How to Eat After Bariatric Surgery

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How to Eat After Bariatric Surgery

by SarahD on June 15, 2011

Nutrition After Major Weight Loss Surgery

Getting back on track with eating can be difficult after any surgery (since pain killers reduce appetite and slow motility).  But when you opt to go through a bariatric surgery that is meant to help you lose weight (such as gastric bypass, banding of the stomach, or the removal of a portion of the stomach to make it smaller), you might not even know how to start eating again.  Many people experience an inability to eat without vomiting while others can only manage liquids.  Some people even end up overeating to the point that they stretch their stomach, negating many of the intended results of the surgery.  But if you know how to go about eating once you’ve undergone bariatric surgery, then you can achieve the weight loss you seek and experience the healthier lifestyle you’ve been craving.

For starters, your doctor should give you extensive instructions on how to eat after this surgery, including a plan for the weeks and months following the procedure that will start with a liquid diet and eventually lead to solid foods (after several weeks).  You may never be able to eat the same quantity of food that you were accustomed to consuming before (actually, that’s kind of the point) which means you’ll have to learn to eat smaller portions more frequently and include foods that give you the most nutritional value per portion.  But again, your doctor can relate all of this information.  What they may not be able to help you with is dealing with cravings and managing your hunger.

This issue is one that plagues anyone who is dieting, but most people can eat a little more here and there to manage.  When you have bariatric surgery, your capacity for eating is diminished but that doesn’t necessarily mean your hunger abates.  So what can you do when you’re feeling peckish and all you can manage to get down is a tablespoon of liquid every fifteen minutes?  For starters, you need to be very picky about what that liquid is.  Coke, for example, may taste great, but it’s not going to satiate your hunger.  Instead, opt for milk, a smoothie, or something that has some nutrients and slow-burning carbs that will make you feel full longer.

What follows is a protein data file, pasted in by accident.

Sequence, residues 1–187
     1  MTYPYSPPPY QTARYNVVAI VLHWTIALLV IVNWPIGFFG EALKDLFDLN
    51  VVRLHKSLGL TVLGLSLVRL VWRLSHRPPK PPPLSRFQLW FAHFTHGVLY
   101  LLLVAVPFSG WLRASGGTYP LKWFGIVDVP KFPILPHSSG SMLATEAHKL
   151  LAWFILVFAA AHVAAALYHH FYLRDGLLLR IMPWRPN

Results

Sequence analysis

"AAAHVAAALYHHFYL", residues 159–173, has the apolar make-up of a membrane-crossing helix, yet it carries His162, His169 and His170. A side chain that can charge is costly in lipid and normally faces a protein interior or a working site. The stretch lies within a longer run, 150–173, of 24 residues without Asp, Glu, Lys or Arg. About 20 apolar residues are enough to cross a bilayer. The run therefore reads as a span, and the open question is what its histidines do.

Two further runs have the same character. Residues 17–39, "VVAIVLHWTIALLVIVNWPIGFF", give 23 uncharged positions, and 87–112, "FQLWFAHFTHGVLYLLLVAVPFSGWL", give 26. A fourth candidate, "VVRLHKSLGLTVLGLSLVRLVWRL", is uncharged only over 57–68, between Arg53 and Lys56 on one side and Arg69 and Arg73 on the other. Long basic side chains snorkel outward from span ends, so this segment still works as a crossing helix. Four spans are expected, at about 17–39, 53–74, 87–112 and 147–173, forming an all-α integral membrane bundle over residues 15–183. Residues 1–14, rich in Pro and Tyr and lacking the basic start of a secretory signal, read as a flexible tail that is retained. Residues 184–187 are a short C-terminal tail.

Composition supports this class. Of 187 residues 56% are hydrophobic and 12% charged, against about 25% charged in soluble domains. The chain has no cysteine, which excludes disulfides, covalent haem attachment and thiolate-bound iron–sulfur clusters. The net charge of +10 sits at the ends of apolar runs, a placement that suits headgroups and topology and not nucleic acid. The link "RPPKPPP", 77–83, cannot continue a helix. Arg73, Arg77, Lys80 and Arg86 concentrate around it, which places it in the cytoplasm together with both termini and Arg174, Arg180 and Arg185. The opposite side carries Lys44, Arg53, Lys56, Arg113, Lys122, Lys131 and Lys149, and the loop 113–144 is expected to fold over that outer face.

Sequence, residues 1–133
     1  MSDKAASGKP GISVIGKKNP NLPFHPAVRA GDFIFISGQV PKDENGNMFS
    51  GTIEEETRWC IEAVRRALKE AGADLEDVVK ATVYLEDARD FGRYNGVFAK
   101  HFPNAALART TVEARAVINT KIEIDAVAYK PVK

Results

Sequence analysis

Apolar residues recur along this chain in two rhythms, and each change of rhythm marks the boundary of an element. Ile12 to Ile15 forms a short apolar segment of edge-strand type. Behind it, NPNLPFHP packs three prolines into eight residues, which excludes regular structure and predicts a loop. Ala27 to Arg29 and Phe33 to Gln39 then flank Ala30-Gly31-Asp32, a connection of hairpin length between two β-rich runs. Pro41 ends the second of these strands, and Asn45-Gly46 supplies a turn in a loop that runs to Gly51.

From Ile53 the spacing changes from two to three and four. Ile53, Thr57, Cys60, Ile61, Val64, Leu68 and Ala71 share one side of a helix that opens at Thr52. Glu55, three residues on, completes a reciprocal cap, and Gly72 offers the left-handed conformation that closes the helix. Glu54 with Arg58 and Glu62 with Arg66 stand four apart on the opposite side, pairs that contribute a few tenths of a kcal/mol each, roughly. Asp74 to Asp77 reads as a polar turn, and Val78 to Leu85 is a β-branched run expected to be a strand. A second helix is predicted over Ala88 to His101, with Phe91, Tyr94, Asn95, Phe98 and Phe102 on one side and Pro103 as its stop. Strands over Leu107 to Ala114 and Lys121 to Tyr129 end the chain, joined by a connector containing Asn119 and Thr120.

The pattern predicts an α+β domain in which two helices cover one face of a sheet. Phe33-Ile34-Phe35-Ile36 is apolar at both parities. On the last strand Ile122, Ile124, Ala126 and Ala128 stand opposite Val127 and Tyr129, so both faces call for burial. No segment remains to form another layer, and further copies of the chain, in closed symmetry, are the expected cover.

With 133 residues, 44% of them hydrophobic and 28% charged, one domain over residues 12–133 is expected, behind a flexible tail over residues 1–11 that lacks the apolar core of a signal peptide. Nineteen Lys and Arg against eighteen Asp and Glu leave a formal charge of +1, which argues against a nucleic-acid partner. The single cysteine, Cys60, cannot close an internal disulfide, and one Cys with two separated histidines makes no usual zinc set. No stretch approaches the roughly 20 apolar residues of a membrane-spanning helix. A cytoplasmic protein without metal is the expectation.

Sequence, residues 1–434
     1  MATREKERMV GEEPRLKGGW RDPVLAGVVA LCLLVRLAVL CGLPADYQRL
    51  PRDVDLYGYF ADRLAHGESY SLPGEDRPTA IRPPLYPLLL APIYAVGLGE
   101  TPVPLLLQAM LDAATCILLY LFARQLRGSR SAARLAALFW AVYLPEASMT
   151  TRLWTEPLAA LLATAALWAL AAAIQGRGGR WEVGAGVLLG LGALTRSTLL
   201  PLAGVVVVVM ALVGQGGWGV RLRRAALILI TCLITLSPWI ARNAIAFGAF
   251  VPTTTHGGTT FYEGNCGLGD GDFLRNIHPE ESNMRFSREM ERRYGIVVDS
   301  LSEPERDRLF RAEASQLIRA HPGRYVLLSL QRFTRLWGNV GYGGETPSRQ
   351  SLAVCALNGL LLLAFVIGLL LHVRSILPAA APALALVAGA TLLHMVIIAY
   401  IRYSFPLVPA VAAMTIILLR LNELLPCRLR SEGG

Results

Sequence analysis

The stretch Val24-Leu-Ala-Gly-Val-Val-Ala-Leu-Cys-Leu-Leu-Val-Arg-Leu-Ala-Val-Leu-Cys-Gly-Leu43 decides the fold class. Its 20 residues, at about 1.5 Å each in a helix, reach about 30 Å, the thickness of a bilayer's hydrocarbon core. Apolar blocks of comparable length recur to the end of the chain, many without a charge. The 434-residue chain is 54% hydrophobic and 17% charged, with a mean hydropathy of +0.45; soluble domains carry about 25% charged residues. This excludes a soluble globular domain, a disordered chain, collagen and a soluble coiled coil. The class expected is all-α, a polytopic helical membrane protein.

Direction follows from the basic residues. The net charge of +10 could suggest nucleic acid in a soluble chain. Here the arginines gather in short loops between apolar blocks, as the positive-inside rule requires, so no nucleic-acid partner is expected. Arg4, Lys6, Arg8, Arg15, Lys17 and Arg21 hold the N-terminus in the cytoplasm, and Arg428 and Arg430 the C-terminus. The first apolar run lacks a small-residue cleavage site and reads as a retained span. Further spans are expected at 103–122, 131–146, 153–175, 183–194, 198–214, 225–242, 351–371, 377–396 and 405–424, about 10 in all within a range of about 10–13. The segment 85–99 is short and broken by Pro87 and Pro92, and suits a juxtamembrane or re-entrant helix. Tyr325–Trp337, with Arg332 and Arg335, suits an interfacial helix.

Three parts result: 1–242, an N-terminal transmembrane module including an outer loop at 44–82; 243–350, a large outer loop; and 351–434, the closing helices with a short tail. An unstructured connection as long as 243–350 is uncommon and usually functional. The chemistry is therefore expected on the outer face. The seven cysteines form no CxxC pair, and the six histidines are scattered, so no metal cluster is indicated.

Another option is to consider supplements that will help to reduce your hunger.  There are many weight loss supplements on the market that claim to do this very thing, but keep in mind, before you go this route, that these products are not regulated by the FDA.  If you think back a few years, you can probably recall a spate of supplements that contained ephedrine, a plant derivative that aided in weight loss.  Unfortunately, it also caused heart problems that led to the death of more than thirty people before it was banned in the U.S.  So instead of taking it upon yourself to choose a supplement, consult with your doctor to find out which one (if any) is right for you.

Losing weight is never easy, and if you have reached the point that an extreme surgery is your best option, then you have a long and difficult road ahead of you.  But when you start paying attention to what you put in your body and you learn how to maximize your nutrition rather than the quantity of food you’re eating, you’ll be able to shed pounds, get healthy, and form good eating habits for life.

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